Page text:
Have you ever wondered whether it’s bad to close a credit card? Or perhaps what you can do to improve your credit score? I saw first hand how important having good credit can be, and want to share some best practices with you.
You see, growing up, my parents never had a good grasp on credit. When it came to car loans they would often end up qualifying for terrible terms (18+% APR with 72-month terms). I vowed to make sure that I wouldn’t fall into the bad credit trap.
As a teenager, I researched extensively on how to build credit so that when the time came, I could have credit work for me instead of against me.
When I turned 18, I got my first credit card (thanks to my income from working at McDonald’s), and since then have continued to build my credit knowledge!
This article will clarify some of the most-asked questions when it comes to credit cards and credit scores!
Not sure why this matters? Read our article on why your credit score matters. The difference between bad and good credit can be tens of thousands of dollars when borrowing money to buy a home.
Before we answer if it is bad to close a credit card, you’ll want to understand how credit scores are determined.
Overview of Credit Score Basics
The main factors used to calculate a credit score are:
- 35% = Payment history
- 30% = Percent of total credit used
- 15% = Average age of all accounts
- 10% = New credit applications and credit inquiries
- 10% = Number and type of credit accounts
Of these factors, the most important are Payment History, Credit Utilization, and Average Age of Accounts.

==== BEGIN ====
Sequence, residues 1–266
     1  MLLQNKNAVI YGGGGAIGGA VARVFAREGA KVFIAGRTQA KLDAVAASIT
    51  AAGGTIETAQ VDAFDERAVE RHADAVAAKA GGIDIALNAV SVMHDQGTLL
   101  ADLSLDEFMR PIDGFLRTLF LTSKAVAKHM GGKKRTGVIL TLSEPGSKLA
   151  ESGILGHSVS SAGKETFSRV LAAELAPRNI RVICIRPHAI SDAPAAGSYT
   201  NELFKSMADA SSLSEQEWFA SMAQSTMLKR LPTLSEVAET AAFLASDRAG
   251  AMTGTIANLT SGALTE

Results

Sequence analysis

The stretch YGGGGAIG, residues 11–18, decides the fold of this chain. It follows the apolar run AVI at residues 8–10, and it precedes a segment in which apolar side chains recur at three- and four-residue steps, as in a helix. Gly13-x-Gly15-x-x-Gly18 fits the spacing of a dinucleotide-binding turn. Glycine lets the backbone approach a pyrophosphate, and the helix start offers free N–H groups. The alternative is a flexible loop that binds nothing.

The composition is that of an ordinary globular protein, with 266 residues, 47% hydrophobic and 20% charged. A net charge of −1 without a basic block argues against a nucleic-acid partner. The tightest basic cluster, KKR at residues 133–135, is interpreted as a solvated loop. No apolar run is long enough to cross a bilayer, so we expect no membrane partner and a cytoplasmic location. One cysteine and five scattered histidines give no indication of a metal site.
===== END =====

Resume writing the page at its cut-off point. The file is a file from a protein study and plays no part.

If you want to really dig deep, read our article on credit scores to learn even more.
Is It Bad To Close A Credit Card?
There are many reasons why you may want to consider closing a credit card account. For example, a new credit card may seem like a great idea, but as time passes you may realize that you might not have a strong use for it any longer.
But a lot of people are afraid of hurting their credit score because they aren’t sure if it is bad to close a credit card.
As long as your payment history is positive (no late or missed payments) and your credit card utilization is not significantly affected, you can rest easy knowing that closing the credit card won’t significantly change your credit score.
So while it’s not necessarily bad to close a credit card, here are a few reasons why it may actually be an amazing idea.
High Debt Balance
The single most important factor when deciding if you should keep or close a credit card is your debt.
If you have high debt (or any credit card debt) or struggle with paying off your credit card in full each month, this is a red flag and is a strong indication to close the credit card. It’s also a huge sign that you need a budget.
Credit cards are often used to buy things before you have the money. This is a nice way of saying that you simply cannot afford it. If this sounds like you, having a credit card is the perfect way of trashing your credit score.